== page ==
The decades after the first world war were a time of misery. The decades after the second world war were a time of peace and prosperity.

Between 1350 and 1950, there was at least one major military confrontation between European powers in every decade. What changed after 1950 is that we created international institutions.

There is a quip that nations either exchange goods or gunfire. Economic development and trade have been a boon to peace. The West also has institutions that link it together: NATO, the UN the IMF and the EU. These didn't really exist until after WWII and they do a great deal to explain why the time after the second world war was so starkly different from the time after first world war.

Just as the institutions of families, city councils, federal governments, corporations, churches and banks all deserve continual criticism and drive to improve them so that they adapt to changing realities and new possibilities, so do these post WWII institutions. They need improving. Without institutions we are like the other primates, though. We can't afford to neglect or discard them. And the West without these post-WWII institutions would be more like the world of Stalin, Franco, Mussolini, and Hitler than JFK and Reagan, Thatcher and Blair, Trudeau and Mulroney, de Gaulle and Chirac, and Kohl and Merkel.

The lesson of WWI is that without creating institutions that transcend nations we again slip into the the madness that goes by a variety of names (patriotism, nationalism, self-interest) and devolves into the worst kind of competition rather than raise us to the best kind of cooperation. It is a lesson too costly to learn twice.

06 November 2018

What is Certain in Today's Election

We live in a probabilistic, not deterministic world. The Democrats will probably win the House and the Republicans will probably hold the Senate but .... we don't know. Yet. Fivethirtyeight gives Republicans a 15% chance of keeping the House and the Democrats a 15% chance of winning the Senate.

Reality is choosing among possible paths as rapidly as it can but there are so many of them. We can simulate reality so much faster than reality can play out because reality does not simplify.

One of the things that we will learn is how unique is Trump. It is very normal for a Republican to win the presidency after two terms of a Democrat in the White House. In that sense, the 2016 election was boring and normal. But of course Trump is a bizarre character who seems to most of us to be hugely different than a typical Republican. If he really is, the backlash could be bigger than what is captured in current probabilities; if typical Republicans and swing voters think he is really no different than a normal Republican, there will likely be a swing towards Democrats but it won't be very dramatic; about enough to win the House but still be still be a minority in the Senate.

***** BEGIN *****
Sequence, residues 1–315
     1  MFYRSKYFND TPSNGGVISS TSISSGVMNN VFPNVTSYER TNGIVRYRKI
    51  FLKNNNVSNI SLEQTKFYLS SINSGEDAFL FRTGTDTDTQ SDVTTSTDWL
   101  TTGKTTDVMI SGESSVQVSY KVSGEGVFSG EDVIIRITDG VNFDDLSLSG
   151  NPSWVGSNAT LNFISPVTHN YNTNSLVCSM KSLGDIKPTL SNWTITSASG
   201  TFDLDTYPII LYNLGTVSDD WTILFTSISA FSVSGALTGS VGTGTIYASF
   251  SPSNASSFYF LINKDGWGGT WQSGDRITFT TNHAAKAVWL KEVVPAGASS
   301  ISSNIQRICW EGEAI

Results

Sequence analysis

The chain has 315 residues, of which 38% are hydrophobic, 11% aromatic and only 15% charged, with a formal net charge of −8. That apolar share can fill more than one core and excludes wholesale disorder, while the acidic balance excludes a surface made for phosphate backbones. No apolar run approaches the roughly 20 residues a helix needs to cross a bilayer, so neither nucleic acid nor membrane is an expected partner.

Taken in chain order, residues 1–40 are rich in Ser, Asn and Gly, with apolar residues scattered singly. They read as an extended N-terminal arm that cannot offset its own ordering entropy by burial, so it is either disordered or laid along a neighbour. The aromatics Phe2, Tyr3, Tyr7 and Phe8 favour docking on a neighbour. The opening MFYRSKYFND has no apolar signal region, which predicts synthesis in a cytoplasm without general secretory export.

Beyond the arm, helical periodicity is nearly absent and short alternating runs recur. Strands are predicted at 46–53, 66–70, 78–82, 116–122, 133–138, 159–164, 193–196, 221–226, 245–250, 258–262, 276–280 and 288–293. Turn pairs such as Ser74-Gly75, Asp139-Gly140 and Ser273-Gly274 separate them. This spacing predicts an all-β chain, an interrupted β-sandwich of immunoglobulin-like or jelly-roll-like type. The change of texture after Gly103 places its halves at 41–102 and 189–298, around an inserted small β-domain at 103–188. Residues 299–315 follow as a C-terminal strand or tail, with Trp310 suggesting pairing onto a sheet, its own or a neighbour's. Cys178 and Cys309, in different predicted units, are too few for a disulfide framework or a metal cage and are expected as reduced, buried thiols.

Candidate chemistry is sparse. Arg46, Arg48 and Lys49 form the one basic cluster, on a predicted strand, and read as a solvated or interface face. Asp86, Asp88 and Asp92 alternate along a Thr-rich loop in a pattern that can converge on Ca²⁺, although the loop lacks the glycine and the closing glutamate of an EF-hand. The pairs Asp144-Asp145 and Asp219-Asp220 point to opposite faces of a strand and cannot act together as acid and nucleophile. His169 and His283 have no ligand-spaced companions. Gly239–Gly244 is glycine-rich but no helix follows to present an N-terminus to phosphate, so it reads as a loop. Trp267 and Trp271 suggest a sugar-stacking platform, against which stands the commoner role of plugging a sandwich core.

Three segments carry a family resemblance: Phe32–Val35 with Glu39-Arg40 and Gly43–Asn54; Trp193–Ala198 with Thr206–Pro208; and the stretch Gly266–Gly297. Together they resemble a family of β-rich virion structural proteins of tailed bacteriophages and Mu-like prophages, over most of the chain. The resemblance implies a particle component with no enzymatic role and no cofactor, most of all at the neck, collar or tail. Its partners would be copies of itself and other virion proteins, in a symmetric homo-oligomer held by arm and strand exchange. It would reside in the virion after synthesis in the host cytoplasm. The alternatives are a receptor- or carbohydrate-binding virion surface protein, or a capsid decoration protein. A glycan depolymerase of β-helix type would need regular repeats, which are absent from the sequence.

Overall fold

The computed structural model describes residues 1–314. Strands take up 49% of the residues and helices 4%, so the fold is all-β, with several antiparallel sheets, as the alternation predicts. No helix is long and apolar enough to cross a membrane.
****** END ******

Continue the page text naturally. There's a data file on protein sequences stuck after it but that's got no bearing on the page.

What is certain? 

Democrats could win by 6 points nationally (53 to 47) and still lose the House. Because of gerrymandering and the fact that individual voters in big cities have less influence even in House races, Republicans have about a 5 to 6 point starting advantage for Congress. That strikes me as the most remarkable thing about politics in this second decade in the 21st century.

Related, the counties that voted for Clinton represent two-thirds of GDP. It is the areas of the country that least understand how to create jobs and wealth that thought Trump's anti-trade, anti-immigrant, nationalist agenda sounded like a good idea.


As it now stands, our policy is being decided by minorities as counted by the number of voters and GDP. That's certain. And that is certainly weird.

What else is certain? The House will decide whether we learn what Mueller has learned about Trump. The House will decide whether Trump will - for the first time in his life - experience any negative consequences for any negative deeds. Voters today will decide whether we continue to have a Republican-led House that merely enables Trump or a Democratic-led House that checks his worst excesses. 

What is certain is that Trump will be more dangerous with a Republican-led House. I'm certain that I don't want two more years of a Congress that merely acquiesces to his every whim; I wish I could be certain we'll get that.

Finally, as I think about today's election, the words of Tiny Tim repeat in my head: God bless us everyone.

30 October 2018

Rise of Entrepreneurial Economy and Fal(tering) of the Information Economy

Here is the table from The Fourth Economy. One of the central arguments is that we're living through a shift from the information economy to an entrepreneurial economy.



Google Ngram is an interesting way to track the usage of various words and terms.

Here you can see the steady rise in the use of the term "entrepreneurial economy."


And here you can see how the use of "information economy" has begun to fall (even though it is still used considerably more than the term "entrepreneurial economy").




So apparently a long way to go but the fourth economy does indeed seem to be (oh so slowly) gaining on the third, information economy in terms of mention in writing. My argument is that it is emerging but we're still not quite attuned to it so it is becoming harder to ignore but still not completely appreciated.

Oh, and for bonus points, here are the three most recent intellectual revolutions. Given we build on each previous stage, and given that we've had centuries to become aware of the importance of the Enlightenment and Pragmatism, it makes sense that systems thinking is only now beginning to rise in general use and awareness relative to those.